So when the government discusses the future of the nuclear industry with the nuclear industry following a nuclear disaster, why is that news?
* Incidentally, the civil servant’s name has been redacted, but according to the BIS, it’s someone pretty minor, not a minister or someone with power over policy. So that’s not really a “government plan” then, is it?
On March 30, The Daily Express ran with this front page this front page article:
The headline’s technically true, but the scale of the radioactive fallout compared to the media fallout is a bit out of sync. Slightly elevated levels of the radioactive isotope iodine-131 (I-131) have been seen in Glasgow and Oxfordshire, but the key word here is slightly.
The levels of I-131 detected in Oxfordshire rose by 0.0003 becquerel per cubic metre (Bq/m3), while in Glasgow it rose by just 0.00001 Bq/m3. A becquerel (Bq) is the unit of radioactivity; 1 Bq means you have one radioactive atom decaying and releasing radiation per second. These decays are what produce the distinctive clicks of a Geiger counter; each “click” represents a flash of radiation from the decay of one atom. As you may have seen in school, even when held away from radioactive sources a Geiger counter will probably give you a click or two per second – we’re surrounded natural radiation from the air, the ground, space and even from our own bodies. Around you right now, radon gas is releasing, on average, 20 Bq/m3 of radiation while inside your body, radioactive potassium-40 is decaying at over 4,000 Bq, and carbon-14 is producing radiation at a similar rate. Compared this background radiation, the change due to fallout is minimal: 0.0003 Bq is equivalent to one atom of radioactive iodine decaying per hour, and 0.00001 Bq is one extra decay per day. (For some perspective, after Chernobyl I-131 levels in the air at Harwell reached a maximum of 4 Bq/m3, ten thousand times the levels seen in Oxfordshire.)
Working out how much harm radiation causes isn’t always easy – a few bequerels from radon gas are more harmful than the thousands of bequerels released by potassium in your body, since radon releases harmful alpha radiation instead of the comparatively safe gamma radiation, and radon spends most of its time lurking in your delicate lungs – so to work out the risk you need to work out the equivalent dose, a measure of how much damage the radiation does to the body usually measured in sieverts. Being exposed to 0.0003 Bq/m3 extra I-131 is equivalent to an increased dose of 0.01 microsieverts (μSv) per year. You would absorb almost as much radiation just by sleeping next to someone for one night. For comparison, the smallest dose that we know to be harmful is around 100,000 microsieverts per year; millions of times more than anyone in the UK could receive from the fallout.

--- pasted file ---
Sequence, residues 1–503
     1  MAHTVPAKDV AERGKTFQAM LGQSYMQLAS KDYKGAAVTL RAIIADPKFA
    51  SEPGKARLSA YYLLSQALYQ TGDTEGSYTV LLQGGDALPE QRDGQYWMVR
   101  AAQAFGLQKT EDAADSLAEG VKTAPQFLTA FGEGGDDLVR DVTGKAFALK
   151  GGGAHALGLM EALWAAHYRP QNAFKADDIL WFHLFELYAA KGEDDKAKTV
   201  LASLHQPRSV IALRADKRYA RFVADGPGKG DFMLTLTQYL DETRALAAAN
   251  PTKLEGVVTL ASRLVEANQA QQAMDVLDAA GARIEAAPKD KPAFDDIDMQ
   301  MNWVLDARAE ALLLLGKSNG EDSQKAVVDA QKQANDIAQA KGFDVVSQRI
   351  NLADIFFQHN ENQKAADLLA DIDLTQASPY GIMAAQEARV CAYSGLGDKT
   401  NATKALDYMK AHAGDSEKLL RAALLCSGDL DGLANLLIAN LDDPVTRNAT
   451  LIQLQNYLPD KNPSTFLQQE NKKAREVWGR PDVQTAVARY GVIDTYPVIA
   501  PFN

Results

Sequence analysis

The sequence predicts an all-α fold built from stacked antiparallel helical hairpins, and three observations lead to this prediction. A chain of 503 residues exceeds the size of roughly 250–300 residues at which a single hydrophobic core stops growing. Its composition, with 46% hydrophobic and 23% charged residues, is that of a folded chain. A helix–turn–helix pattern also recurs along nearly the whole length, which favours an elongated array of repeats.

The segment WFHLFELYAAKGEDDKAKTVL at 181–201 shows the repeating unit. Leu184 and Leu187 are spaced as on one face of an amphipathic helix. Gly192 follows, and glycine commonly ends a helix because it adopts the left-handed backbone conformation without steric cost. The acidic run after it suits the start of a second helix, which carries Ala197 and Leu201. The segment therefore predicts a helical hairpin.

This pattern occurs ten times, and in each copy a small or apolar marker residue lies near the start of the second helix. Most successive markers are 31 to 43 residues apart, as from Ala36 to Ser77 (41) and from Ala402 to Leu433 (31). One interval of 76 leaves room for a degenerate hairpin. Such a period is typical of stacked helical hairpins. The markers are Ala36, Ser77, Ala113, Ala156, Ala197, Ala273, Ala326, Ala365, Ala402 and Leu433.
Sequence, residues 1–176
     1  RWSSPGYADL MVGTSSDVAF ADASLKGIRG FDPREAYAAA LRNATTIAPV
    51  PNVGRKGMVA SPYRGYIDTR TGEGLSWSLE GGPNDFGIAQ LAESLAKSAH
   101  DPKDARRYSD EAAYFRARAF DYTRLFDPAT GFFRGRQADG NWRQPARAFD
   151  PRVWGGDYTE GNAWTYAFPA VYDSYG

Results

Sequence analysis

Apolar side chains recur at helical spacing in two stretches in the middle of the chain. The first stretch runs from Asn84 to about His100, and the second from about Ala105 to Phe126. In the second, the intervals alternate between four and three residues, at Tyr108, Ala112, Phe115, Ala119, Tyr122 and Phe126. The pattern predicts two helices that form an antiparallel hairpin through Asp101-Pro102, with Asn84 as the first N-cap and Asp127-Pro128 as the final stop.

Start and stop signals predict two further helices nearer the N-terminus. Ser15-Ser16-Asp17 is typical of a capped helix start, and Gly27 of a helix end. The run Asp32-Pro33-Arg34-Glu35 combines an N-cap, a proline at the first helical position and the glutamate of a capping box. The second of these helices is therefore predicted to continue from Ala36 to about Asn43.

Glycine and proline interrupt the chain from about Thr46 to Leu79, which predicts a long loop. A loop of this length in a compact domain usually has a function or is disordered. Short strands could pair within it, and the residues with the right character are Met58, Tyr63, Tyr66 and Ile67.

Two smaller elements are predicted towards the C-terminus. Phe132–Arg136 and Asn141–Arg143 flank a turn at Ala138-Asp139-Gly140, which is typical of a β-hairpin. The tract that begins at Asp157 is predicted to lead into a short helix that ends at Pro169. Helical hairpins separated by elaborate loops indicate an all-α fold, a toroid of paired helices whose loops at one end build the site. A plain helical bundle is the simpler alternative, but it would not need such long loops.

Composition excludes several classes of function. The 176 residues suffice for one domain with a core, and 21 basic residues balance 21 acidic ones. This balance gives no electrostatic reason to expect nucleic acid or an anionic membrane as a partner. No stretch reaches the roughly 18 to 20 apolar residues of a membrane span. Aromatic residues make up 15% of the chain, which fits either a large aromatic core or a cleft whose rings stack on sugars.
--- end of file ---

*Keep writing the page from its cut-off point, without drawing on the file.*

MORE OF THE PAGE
The Express quotes John Large, one of the critics of the nuclear industry, as saying:
The International Commission on Radiological Protection – which is made up of government agencies – is quite clear. It says any increase in accumulated radiation dose exposure is accompanied by a proportionate increase in risk. That is the natural law.
For Sepa [Scottish Environmental Protection Agency] to make profound statements about it is ‘not of concern’ to the public is not right. Of course the risk’s tiny but it’s up to the public to decide.
If you want the public to make an informed decision about nuclear power, it has to actually be informed. Screaming about “TSUNAMI NUCLEAR FALLOUT” without providing any context is not helpful, it’s just scaremongering, plain and simple.
Since the harmful dose for radiation is 5 million times higher than the levels found in Oxfordshire, I wonder what John Large would like Sepa to have said. Saying that these radiation levels are not of concern is not leading the public on, it’s simply a cold, hard medical fact. If Large does think these radiation levels are of concern, then may I suggest that his next statement focuses on the extreme dangers of radioactive bedmates.